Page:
Wandering minds are told to find something “novel” to stay engaged

But the novel wears out

Here’s another idea…

“I can’t get anything done unless there’s a deadline or I’m interested in it already…”

Regardless of the amount of organizing, setting up task systems, and the like, one might feel helpless against themselves, particularly in trying to get something done in which one doesn’t have an inherent interest.

Ideas and emotions often fly faster than working memory can manage, particularly for a wandering mind. As a result, we can stumble from one idea to the next, in deep focus with one thing while in scatter with much of the rest.

There are five suggested major paths of engagement for a wandering mind:

1. Interest
2. Novelty
3. Challenge
4. Urgency
5. Passion

Each warrants their own post, if not book.

Meanwhile, I view these all as coming under the umbrella of Play, that spirit within that engages a flow between self and world, vision and reality.

For today’s post, I’d like to poke a bit at the word “novelty”.

Suggestions for helping a wandering mind often revolve around introducing novelty to help start an otherwise avoided task. Examples include finding a new coffee shop in which to work, using new pens and paper, trying a new app, etc.

Unfortunately, all of these wear out as, by definition, novelty loses its luster. The usual follow up suggestion is to go find another.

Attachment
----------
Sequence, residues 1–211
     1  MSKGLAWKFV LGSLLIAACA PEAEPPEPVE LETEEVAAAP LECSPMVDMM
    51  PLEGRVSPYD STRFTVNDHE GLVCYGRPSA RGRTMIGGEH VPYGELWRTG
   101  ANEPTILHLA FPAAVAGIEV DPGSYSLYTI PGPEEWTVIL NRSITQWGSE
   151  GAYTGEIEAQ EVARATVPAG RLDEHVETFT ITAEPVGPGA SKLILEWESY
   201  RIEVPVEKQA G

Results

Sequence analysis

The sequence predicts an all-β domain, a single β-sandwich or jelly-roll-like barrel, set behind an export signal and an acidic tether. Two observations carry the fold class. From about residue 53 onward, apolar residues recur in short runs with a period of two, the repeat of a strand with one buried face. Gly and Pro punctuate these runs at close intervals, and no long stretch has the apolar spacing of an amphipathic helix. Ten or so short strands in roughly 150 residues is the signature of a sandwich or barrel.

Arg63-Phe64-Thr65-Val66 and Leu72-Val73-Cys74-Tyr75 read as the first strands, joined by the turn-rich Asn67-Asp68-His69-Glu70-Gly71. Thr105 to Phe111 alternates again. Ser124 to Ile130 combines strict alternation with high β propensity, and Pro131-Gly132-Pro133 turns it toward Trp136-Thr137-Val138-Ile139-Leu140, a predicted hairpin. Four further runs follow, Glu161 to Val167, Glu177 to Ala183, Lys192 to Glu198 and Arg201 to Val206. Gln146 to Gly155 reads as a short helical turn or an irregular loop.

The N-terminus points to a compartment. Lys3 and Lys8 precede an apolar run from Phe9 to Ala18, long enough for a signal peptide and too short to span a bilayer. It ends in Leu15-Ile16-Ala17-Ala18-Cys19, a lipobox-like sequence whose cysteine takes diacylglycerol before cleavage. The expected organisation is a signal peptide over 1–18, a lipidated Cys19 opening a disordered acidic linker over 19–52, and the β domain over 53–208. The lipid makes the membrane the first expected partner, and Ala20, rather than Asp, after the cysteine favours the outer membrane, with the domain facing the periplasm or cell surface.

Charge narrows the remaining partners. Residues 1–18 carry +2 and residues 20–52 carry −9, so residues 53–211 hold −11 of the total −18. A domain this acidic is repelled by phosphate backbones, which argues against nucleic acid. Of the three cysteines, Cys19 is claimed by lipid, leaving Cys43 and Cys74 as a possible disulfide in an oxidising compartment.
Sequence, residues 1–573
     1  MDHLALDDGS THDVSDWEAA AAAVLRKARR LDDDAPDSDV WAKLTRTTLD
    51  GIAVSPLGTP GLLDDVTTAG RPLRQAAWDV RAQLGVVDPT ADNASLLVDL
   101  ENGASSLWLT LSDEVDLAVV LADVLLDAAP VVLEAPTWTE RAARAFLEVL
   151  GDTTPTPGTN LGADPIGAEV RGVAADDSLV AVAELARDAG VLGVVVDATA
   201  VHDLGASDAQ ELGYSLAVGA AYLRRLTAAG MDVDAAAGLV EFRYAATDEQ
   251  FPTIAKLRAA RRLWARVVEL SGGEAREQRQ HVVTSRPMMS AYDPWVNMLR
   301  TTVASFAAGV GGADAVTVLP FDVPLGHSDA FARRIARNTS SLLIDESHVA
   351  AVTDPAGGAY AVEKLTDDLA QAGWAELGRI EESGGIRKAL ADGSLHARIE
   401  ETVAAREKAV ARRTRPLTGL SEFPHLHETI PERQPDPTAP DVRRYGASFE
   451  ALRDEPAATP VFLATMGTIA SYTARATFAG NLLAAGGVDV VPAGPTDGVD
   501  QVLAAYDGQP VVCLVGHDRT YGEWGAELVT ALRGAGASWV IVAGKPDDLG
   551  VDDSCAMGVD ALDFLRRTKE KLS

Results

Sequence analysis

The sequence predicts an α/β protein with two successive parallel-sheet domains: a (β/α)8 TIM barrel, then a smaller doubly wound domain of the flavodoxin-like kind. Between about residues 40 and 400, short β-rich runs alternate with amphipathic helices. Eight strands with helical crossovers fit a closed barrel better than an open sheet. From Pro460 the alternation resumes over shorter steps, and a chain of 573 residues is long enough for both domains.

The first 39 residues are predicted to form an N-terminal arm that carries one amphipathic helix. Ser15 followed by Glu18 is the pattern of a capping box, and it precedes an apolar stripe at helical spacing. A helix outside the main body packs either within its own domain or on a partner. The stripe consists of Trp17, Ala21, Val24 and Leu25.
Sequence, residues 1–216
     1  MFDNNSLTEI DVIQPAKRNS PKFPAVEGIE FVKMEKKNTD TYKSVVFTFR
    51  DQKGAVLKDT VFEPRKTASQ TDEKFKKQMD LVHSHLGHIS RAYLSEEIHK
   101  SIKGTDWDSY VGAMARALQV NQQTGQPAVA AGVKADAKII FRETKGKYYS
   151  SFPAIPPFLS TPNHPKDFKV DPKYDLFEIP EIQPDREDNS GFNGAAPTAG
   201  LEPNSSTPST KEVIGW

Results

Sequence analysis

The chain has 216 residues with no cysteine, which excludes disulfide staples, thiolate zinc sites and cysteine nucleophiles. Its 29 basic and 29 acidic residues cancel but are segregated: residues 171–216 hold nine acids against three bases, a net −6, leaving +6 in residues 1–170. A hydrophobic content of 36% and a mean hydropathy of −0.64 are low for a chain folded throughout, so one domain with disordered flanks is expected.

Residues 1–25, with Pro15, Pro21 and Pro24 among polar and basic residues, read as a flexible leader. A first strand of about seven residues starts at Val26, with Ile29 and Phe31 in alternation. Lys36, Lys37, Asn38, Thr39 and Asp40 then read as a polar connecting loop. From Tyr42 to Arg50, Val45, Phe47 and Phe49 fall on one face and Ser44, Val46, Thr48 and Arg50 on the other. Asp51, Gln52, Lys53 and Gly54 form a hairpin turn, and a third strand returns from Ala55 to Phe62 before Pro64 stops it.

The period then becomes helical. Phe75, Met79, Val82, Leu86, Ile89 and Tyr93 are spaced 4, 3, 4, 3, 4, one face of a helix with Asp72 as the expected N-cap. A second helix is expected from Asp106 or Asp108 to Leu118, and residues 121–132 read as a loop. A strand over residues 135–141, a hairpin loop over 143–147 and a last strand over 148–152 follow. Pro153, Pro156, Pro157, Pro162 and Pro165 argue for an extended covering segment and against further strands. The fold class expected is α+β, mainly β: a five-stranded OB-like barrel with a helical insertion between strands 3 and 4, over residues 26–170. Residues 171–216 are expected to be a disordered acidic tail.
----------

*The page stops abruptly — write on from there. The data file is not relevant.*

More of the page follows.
Beyond the potential paths of procrastination this introduces, I have another trouble with the word “novelty”. It sounds like a meaningless toy. And while I like toys, I’m deliberately using the term with the negative connotation.

There are toys that entertain. But then there are those that engage and stir us to learn, find, and *discover*. They connect us to something that feels real.

The difference for adults is that we must find the toys within the work.

Give me a thing to do… but it can’t be BS, busy work, or otherwise meaningless.

While fantasy plays its part, when it comes to engaging the world, a wandering mind often craves a sense of what is real, of sincerity.

In this vein, rather than “novelty”, I much prefer the word discovery.

Discovery carries a connotation of strength, innovation, power, alongside thought, reflection, and new understandings. It is something that can bring new vistas to self and world.

Discovery is a path to Play that carries *meaning*.

When next struggling with a piece of work, why not consider what you can discover within it?

PS *Waves of Focus: Guiding a Wandering Mind* is getting closer to launch. All the Foundational videos are ready to go. I plan to build and launch the rest over time after the membership site goes live.

If you’re interested in learning more about the course, sign up here.